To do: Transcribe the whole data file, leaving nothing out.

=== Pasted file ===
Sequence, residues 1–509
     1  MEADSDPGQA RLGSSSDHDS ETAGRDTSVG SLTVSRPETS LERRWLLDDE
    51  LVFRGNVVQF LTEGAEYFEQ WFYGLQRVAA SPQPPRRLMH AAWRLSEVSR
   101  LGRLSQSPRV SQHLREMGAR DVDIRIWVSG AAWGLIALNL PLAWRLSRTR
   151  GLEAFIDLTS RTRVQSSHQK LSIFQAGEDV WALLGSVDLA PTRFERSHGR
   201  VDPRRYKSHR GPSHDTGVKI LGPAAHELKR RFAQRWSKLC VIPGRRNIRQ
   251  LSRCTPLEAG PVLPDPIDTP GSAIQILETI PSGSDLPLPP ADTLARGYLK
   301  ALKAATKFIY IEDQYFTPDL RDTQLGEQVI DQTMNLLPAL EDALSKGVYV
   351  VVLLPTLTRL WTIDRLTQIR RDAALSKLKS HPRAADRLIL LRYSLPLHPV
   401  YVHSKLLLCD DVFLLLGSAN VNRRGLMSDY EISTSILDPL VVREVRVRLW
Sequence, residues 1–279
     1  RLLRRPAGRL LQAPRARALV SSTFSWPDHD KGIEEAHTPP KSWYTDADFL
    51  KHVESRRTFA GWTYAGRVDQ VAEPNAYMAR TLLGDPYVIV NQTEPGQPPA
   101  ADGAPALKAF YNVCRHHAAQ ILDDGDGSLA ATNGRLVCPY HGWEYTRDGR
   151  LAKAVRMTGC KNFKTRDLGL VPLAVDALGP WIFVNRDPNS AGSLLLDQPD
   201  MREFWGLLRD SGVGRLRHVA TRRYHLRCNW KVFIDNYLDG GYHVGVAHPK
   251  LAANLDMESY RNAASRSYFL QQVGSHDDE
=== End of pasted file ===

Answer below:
Sequence, residues 1–509
     1  MEADSDPGQA RLGSSSDHDS ETAGRDTSVG SLTVSRPETS LERRWLLDDE
    51  LVFRGNVVQF LTEGAEYFEQ WFYGLQRVAA SPQPPRRLMH AAWRLSEVSR
   101  LGRLSQSPRV SQHLREMGAR DVDIRIWVSG AAWGLIALNL PLAWRLSRTR
   151  GLEAFIDLTS RTRVQSSHQK LSIFQAGEDV WALLGSVDLA PTRFERSHGR
   201  VDPRRYKSHR GPSHDTGVKI LGPAAHELKR RFAQRWSKLC VIPGRRNIRQ
   251  LSRCTPLEAG PVLPDPIDTP GSAIQILETI PSGSDLPLPP ADTLARGYLK
   301  ALKAATKFIY IEDQYFTPDL RDTQLGEQVI DQTMNLLPAL EDALSKGVYV
   351  VVLLPTLTRL WTIDRLTQIR RDAALSKLKS HPRAADRLIL LRYSLPLHPV
   401  YVHSKLLLCD DVFLLLGSAN VNRRGLMSDY EISTSILDPL VVREVRVRLW
Sequence, residues 1–279
     1  RLLRRPAGRL LQAPRARALV SSTFSWPDHD KGIEEAHTPP KSWYTDADFL
    51  KHVESRRTFA GWTYAGRVDQ VAEPNAYMAR TLLGDPYVIV NQTEPGQPPA
   101  ADGAPALKAF YNVCRHHAAQ ILDDGDGSLA ATNGRLVCPY HGWEYTRDGR
   151  LAKAVRMTGC KNFKTRDLGL VPLAVDALGP WIFVNRDPNS AGSLLLDQPD
   201  MREFWGLLRD SGVGRLRHVA TRRYHLRCNW KVFIDNYLDG GYHVGVAHPK
   251  LAANLDMESY RNAASRSYFL QQVGSHDDE